Sprint #4 – Creating Targeted Collection Pages
Dale and his team created collection pages for things like “Gifts for Teens”, “Gifts for Outdoorsmen”, or “Gifts for Hunters”. They were able to put together a list of thousands of gift keywords that they wanted to target with collection pages.
Dale and his team used the following tools during the SEO sprints to find the “quick win” opportunities:
- Search Console for keyword data and to understand what they rankings were as reported by Google
- Google Analytics to give them information on their organic landing pages and visitor behavior on the site
- Ahrefs primarily for competitor data and keyword expansion
- Deepcrawl to crawl websites and generate reports on what’s broken
- SEO Minon, a Chrome extension that allowed them to see metadata, canonicals, etc. on the site they were doing SEO for
- Excel for one-off analyses to understand things such as striking distance keywords or keywords that were at the bottom of the page which are considered “low-hanging fruit opportunities”
Deep Dive: Product Page Keyword Research (Sprint #3)
When Dale and his team were in the middle of Sprint #3, optimizing product page titles, they used their model for keyword expansion for product pages where they look at product details, descriptive words, synonyms for those words, and, diving deeper, they look at problems that the product or page solves.
Dale presented the example of a past client that sold the Ergo Sitting Stool, an “Adult active sitting stool” that yielded an average of only 50 monthly searches. They applied their model by:
- Looking at product details – they brainstormed keywords such as “orange”, “lightweight”, and “compact”
- Looking at descriptive words for product – they came up with keywords such as “comfortable”, “functional”, and “affordable”
- Looking at synonyms – they came up with keywords such a “stool”, “seat”, “seating”, and “chair”
- Looking at problems the product solves – they came up with keywords such as “neck pain”, “back pain”, “osteoporosis”, “bad posture”, and “body alignment”
- Looking at use cases – they came up with keywords such as “office chair”, “desk chair”, and computer chair”
Going back to the online gift retailer client, when Dale and his team discovered high-value keywords for that project, they optimized meta title, H1, and meta description. In regards to SEO experimentation, they wanted to do these optimizations on a subset of the product pages, especially for a large site, so that they can make sure they’re seeing results before putting in the effort to roll it out on the entire site.
They also included the keywords in on-page copy, internal links when linking to pages internally, and external links, or backlinks for third-party websites.
Case Study Results
Dale and his team saw some great results with this particular project. They were able to increase holiday sales per day compared to the previous year.
The Problem: Slow SEO
Dale and his team did not have Agile SEO at the time of this experimentation which resulted in a longer process. Although they implemented the experimentation methodology with sprints, it took longer than they would have liked because of the lack of a good software. If they could have reduced the time it took them to see results by half, they would have been able to see results before the holiday season which would have resulted in an even bigger boost in organic traffic and organic sales during the holiday season.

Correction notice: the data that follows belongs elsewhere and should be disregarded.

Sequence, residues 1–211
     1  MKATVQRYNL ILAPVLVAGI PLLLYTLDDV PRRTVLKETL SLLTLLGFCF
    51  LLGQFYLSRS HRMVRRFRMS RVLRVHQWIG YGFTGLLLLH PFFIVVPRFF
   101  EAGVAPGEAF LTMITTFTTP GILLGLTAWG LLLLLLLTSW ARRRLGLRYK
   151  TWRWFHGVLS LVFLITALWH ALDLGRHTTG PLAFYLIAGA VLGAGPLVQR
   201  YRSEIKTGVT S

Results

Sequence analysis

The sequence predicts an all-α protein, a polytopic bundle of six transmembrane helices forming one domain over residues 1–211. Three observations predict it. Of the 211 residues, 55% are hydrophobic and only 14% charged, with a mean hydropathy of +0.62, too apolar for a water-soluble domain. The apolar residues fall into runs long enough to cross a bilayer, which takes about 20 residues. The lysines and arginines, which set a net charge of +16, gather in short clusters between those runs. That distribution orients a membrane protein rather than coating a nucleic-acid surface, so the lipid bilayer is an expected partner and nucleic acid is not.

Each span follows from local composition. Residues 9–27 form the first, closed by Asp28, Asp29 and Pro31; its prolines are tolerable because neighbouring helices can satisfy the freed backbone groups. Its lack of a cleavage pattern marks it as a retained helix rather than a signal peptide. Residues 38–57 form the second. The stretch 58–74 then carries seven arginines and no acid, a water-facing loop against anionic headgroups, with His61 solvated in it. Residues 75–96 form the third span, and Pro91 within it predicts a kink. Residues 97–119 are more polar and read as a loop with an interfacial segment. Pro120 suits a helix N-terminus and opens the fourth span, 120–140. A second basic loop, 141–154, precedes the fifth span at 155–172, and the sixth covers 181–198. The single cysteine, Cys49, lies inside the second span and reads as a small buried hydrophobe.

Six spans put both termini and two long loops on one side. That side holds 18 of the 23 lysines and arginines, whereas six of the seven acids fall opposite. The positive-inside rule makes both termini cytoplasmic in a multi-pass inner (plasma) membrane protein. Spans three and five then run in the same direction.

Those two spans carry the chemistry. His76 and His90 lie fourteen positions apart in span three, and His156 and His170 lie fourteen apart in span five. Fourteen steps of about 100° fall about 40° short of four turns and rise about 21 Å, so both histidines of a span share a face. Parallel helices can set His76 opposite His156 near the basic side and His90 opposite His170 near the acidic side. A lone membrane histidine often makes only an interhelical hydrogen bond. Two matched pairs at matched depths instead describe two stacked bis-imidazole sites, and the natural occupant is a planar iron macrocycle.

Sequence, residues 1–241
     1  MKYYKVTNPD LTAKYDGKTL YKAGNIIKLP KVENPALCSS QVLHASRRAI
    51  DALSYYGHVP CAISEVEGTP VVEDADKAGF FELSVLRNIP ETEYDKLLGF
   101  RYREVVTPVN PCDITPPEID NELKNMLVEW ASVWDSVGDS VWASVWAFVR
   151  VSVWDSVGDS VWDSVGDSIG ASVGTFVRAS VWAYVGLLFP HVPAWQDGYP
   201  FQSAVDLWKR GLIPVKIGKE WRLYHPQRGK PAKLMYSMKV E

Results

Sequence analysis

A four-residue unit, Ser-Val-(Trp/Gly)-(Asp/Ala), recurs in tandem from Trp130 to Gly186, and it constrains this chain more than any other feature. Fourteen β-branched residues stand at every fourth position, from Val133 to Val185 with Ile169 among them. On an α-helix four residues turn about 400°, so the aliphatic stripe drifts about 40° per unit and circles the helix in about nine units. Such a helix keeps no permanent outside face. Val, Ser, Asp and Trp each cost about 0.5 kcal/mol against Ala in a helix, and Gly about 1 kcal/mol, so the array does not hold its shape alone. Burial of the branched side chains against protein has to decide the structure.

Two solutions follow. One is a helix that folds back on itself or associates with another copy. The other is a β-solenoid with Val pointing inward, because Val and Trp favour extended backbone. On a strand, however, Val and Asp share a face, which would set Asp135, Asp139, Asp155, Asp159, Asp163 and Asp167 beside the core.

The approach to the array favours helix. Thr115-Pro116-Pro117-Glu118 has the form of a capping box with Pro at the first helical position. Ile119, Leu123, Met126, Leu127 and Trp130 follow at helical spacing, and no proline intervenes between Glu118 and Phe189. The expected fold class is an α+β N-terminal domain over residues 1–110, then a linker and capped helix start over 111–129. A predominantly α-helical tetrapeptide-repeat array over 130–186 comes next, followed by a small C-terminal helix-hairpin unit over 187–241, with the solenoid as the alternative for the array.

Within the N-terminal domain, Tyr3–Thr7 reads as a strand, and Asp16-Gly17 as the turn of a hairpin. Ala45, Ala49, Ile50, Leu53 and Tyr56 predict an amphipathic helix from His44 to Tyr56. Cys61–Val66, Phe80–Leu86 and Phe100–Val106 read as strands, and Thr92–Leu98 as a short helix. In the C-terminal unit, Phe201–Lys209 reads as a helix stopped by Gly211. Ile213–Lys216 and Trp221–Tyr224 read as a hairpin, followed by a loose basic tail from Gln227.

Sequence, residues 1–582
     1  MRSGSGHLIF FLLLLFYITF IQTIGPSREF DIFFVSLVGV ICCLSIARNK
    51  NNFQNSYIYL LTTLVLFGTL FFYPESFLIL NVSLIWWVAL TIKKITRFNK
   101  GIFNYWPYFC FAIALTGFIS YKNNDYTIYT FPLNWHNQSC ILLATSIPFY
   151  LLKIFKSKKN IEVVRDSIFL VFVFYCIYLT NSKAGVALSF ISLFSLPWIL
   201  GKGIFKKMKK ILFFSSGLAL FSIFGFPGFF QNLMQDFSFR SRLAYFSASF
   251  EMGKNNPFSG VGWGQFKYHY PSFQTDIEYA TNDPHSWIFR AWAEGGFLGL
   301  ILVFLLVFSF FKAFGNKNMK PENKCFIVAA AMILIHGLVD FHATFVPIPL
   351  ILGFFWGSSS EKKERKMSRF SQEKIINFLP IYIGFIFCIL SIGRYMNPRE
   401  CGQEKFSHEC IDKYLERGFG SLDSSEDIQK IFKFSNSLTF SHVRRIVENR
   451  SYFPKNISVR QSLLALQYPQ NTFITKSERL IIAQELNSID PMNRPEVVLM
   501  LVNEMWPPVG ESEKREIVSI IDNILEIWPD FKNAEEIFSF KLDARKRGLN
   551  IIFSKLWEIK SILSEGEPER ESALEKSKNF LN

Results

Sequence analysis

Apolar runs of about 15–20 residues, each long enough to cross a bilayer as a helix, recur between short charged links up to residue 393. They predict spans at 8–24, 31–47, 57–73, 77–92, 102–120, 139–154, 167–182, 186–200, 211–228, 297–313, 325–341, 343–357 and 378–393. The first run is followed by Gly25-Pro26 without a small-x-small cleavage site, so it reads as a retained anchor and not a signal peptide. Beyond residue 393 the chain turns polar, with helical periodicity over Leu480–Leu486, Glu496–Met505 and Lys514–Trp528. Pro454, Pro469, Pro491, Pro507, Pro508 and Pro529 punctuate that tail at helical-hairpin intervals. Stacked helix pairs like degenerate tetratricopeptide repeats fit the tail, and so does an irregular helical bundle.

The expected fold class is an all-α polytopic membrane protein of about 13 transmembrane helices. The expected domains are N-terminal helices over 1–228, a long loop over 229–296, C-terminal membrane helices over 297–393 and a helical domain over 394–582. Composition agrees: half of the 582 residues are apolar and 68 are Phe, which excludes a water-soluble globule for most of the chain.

Fast Agile SEO with RankSense
RankSense – Make Changes
The first thing Dale and his team are using RankSense for is to make changes such as title tag changes. Instead of having to talk to a client’s Engineering team and get the changes approved, which normally adds at least 3 weeks to the timeline, they are able make changes through the RankSense tool which automatically applies the changes to the website without having to go through the Developer or Engineering team.
RankSense – Track Changes
From there, Dale and his team use the RankSense tool to track the changes. RankSense lets them know when Google has crawled those pages that he and his team are experimenting on as well as when Google has indexed those results.
RankSense – Measure Impact
Dale can then measure the impact through the RankSense tool and determine if he sees the impact he wanted from the hundred or so test URLs that he made title tag changes to. If he sees the results that he wanted, he can either continue to do more experiments or use RankSense to apply the changes to the entire website. If not, he can try something else like move on to his fourth spread where they’re doing the same thing by using the RankSense tool with meta descriptions to increase click-through rate.
Timeline: 6 months to 6 weeks
In Dale’s many years of doing SEO and working as an SEO consultant, he often has to make many recommendations for one client because he doesn’t know which one will be the home run recommendation. However, with modern technology such as RankSense, he is able to try several things simultaneously without having to involve a client’s Engineering team at all which results in a shorter timeline.
Get Started with Agile SEO
To learn more about any of the SEO methods discussed in this webinar, you can book a 30-minute Agile SEO Strategy Session with Dale Bertrand here or you can email Dale at [email protected]. To learn more about RankSense and to try our software, contact us today.